Clash has the global exclusive preview stream of ‘Reachy Prints’, the new album from Warp duo Plaid. Listen below, and then read our interview with Andy and Ed…
This stream originally premiered on the free-to-download Clash App, more details here.
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No questions asked: Plaid are veterans. Now approaching their silver anniversary, Andy Turner and Ed Handley’s recording history stretches back to ’89 with their first barks as The Black Dog. But as Plaid, a refusal to yield to trends has earned them, alongside Richard D. James and Autechre, cult-like status within the gilded pages of Warp’s catalogue.
Now soaking up the sunshine in Muswell Hill, dog in Andy’s lap, they’re dissecting the changes that they’ve witnessed in music consumption. Says Andy: “Of course, in the past you’d go into a shop and build up a relationship with one of the sales people. They’d get to know what you like and don’t like. It’s a very subtle, complicated thing, taste. We’re not quite there yet but, like Netflix, you could create algorithms that pre-empt your taste...”
Putting to one side the seismic shifts that have taken place within electronic music since the late-’80s, the pair’s priority now is not repeating themselves. “It’s sometimes automatic to do the thing you’ve always done, and maybe expressed too many times,” notes Ed. “Sometimes we can be hypermelodic, but you have to pull yourself back because it can become a bit sickly, to have a whole album full of dancey, happy music.”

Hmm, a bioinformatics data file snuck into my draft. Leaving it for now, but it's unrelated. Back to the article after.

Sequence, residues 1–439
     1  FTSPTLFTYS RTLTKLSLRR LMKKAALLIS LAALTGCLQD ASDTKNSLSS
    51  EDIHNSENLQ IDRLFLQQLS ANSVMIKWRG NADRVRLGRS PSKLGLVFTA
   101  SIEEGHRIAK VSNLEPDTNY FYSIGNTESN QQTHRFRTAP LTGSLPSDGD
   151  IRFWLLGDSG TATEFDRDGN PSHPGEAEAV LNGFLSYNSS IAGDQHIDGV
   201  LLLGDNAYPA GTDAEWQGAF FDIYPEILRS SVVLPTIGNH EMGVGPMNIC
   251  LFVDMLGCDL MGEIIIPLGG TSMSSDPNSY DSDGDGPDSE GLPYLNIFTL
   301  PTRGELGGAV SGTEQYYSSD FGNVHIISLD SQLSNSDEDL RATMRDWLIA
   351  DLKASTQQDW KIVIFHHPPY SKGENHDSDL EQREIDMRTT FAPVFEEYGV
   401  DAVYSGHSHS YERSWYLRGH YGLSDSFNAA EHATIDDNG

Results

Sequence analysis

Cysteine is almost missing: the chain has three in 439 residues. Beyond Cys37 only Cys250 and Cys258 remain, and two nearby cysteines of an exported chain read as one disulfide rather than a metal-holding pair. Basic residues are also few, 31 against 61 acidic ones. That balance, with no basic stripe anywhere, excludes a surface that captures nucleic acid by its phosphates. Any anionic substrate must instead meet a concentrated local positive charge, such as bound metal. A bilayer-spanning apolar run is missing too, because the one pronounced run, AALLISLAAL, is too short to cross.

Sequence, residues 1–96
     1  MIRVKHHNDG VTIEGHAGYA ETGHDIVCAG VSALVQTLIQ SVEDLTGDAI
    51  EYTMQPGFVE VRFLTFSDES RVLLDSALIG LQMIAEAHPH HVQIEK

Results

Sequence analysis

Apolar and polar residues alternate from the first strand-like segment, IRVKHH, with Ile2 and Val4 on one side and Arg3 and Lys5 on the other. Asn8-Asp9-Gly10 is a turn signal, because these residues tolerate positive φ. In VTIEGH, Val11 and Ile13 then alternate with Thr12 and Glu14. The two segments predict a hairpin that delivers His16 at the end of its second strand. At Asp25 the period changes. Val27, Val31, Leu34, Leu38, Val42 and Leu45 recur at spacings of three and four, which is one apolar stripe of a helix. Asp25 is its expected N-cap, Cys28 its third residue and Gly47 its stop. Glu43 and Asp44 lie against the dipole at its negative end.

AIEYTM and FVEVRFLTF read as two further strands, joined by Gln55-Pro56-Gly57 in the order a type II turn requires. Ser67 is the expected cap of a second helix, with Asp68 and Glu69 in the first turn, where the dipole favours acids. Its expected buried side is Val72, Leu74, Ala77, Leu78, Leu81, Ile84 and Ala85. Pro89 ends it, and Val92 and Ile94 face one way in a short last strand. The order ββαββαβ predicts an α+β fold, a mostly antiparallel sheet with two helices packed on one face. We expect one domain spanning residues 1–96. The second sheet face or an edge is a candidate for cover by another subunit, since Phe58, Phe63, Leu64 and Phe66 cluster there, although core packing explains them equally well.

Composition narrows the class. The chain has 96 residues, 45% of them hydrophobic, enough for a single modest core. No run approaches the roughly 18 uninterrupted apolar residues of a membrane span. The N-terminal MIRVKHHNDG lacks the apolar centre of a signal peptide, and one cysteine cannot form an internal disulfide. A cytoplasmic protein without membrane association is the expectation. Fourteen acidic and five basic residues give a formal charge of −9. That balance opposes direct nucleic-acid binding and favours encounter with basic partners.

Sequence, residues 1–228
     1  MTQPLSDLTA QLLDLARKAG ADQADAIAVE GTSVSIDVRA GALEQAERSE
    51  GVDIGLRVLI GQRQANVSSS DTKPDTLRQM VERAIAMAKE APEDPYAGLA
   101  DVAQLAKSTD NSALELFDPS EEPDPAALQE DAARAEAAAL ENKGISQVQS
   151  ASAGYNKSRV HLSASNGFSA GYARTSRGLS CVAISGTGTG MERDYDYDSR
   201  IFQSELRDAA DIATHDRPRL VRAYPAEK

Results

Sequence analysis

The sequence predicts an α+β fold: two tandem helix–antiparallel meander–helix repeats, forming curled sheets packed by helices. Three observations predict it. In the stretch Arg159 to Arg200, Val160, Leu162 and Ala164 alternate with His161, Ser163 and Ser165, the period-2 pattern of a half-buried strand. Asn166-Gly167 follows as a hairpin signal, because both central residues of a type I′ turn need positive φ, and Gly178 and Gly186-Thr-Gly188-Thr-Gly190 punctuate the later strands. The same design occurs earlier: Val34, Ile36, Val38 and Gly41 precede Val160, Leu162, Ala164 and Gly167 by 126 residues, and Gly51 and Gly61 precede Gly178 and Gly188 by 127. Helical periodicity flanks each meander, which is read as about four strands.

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It’s escapist in the positive sense. It's fighting music...
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‘Reachy Prints’ is yet another milestone – the freshness of their latest album’s tracks confirms that they’ve achieved their goal. “It’s escapist in the positive sense,” Andy explains. “It’s fighting music. Certainly in the early days dance music had a fighting element to it; we’re fighting against our oppressors, our… landlords!”
“And we’re just trying to be ourselves,” adds Ed. “Limiting ourselves in the right sense, and using interesting synthesis.”
On tracks like ‘Slam’, time signatures run into each other like cascading water droplets, and synth patterns playfully tessellate. Forever inquisitive and exploratory with new technologies, Plaid are a duo who’ve proven time and time again that synthesised instruments aren’t cold to the touch. Which is like Björk (whom the duo have previously produced for) once shrewdly said: “You can’t blame the computer. If there’s no soul in the music, it’s because nobody put it there.”
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Words: Felicity Martin
Photography: Eva Vermandel